Throughout the past few months, as restrictions relaxed, she began engaging in more activities (with many precautions). Corey is an avid tennis player, so she was relieved when her tennis club reopened in May. She is thankful for the opportunity to stay active even though players social distance on the court and “tap rackets instead of shaking hands.” 

Despite her best attempts to stay busy, sometimes she feels lonely. “Being alone, whereas other couples have each other, is even harder. It’s a different sort of being alone. I don’t mind being alone, but this alone is worse,” Corey said.

Gerald Blake, 77 years old

(photo used by permission of Gerald Blake)

Blake has lived in Raleigh for over 35 years. While he lives at home, Blake’s wife lives in a nursing home, making communication during the pandemic difficult.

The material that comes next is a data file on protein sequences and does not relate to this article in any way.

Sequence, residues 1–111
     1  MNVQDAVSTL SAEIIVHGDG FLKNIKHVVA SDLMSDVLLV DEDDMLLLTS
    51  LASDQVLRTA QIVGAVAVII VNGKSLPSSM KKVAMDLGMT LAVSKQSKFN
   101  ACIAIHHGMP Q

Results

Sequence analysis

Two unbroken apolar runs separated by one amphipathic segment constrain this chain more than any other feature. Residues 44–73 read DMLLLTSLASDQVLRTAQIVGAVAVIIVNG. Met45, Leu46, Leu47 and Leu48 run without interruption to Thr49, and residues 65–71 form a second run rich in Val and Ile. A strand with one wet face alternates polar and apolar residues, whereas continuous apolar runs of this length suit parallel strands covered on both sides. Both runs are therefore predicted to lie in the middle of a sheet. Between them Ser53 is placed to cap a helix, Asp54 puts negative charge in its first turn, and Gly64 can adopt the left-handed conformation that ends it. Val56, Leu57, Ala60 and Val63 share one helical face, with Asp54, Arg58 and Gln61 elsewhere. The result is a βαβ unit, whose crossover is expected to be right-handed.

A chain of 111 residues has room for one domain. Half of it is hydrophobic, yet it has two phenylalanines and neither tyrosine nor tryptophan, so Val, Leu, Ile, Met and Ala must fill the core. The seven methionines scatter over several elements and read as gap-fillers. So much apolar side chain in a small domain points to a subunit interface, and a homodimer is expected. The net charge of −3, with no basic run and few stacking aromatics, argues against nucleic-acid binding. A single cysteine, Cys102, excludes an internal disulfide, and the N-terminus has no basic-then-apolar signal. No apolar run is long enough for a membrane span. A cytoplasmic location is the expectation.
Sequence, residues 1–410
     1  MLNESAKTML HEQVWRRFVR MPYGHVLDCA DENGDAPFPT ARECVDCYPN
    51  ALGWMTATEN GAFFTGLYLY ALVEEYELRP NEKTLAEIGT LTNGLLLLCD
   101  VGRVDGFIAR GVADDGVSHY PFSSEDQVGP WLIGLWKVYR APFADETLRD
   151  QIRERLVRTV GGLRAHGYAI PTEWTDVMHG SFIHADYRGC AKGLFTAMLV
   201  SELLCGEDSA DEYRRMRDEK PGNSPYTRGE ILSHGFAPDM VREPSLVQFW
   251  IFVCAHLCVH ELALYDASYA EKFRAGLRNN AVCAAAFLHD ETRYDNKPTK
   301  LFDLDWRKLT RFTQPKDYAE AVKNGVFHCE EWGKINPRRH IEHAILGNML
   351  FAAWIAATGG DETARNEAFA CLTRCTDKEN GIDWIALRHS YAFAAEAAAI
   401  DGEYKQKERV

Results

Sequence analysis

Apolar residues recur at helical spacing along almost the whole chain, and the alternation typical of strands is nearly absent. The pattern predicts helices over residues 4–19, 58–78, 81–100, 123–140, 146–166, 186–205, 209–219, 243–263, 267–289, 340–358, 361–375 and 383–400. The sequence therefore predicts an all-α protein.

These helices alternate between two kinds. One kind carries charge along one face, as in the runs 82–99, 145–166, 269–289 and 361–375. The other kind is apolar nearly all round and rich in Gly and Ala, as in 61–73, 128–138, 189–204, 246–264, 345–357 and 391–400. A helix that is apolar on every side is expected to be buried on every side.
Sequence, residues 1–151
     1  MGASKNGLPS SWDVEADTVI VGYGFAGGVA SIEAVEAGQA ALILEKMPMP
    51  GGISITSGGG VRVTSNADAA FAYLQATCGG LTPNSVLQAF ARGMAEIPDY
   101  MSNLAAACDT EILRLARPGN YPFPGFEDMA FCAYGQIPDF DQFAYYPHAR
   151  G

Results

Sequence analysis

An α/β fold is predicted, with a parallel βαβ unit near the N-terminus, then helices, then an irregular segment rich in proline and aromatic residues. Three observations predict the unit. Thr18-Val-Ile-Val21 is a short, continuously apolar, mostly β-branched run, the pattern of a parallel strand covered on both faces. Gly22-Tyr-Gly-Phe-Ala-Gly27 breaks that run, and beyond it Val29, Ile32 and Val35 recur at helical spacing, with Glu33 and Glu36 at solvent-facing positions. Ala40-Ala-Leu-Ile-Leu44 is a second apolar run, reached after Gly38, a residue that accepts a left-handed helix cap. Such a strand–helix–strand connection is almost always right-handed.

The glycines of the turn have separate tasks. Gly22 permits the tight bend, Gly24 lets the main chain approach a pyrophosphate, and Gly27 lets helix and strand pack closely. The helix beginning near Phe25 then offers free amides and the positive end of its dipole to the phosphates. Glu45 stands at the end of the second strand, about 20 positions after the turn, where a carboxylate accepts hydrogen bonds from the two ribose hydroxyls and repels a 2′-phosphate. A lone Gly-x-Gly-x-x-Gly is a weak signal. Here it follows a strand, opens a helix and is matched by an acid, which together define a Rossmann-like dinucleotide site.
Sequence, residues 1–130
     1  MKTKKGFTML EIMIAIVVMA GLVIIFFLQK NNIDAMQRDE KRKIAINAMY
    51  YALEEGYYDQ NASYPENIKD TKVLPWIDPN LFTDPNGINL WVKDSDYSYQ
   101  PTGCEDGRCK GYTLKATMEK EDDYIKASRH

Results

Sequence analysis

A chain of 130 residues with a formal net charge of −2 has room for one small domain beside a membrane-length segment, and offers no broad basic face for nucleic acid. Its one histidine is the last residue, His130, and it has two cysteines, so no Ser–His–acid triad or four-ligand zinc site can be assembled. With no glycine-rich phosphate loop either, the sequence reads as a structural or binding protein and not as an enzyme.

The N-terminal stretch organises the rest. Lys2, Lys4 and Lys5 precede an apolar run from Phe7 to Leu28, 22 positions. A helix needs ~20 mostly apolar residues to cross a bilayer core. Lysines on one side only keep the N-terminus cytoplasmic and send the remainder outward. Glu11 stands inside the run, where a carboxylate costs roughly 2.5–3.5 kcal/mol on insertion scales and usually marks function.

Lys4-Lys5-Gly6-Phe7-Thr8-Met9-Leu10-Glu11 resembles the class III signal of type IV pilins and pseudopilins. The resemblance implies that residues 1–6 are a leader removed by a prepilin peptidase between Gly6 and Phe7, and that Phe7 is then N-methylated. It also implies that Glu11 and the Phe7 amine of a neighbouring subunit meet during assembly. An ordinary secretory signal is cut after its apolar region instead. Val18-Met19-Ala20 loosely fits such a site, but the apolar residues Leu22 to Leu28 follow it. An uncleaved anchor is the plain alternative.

The biggest hardship Blake faces is the lack of direct contact with his wife. “I don’t go out as much as I used to, and my wife’s in a nursing home, so I can’t visit her, not live anyway. The most challenging for me is… [not] being able to see or talk to my spouse. Being alone,” said Blake (via phone interview). 

The pandemic affected his habits and other aspects of his daily life. He tries to stay active if only for something to do. “I just don’t go out in crowds anymore. I’ve done more walking and work in the yard more than I used to just to get outside,” Blake said.

A big consolation for Blake is the concern others have shown; people reaching out and staying in contact with him. “I’ve had a lot of people come by and bring food and they’ve invited me out to eat. Of course we’ve been social distancing, some with masks. A lot of phone calls and cards in the mail. A lot of people are thinking about me so that’s good to know,” said Blake.

Jane Finley, 75 years old

(Photo used by permission of Jane Finley)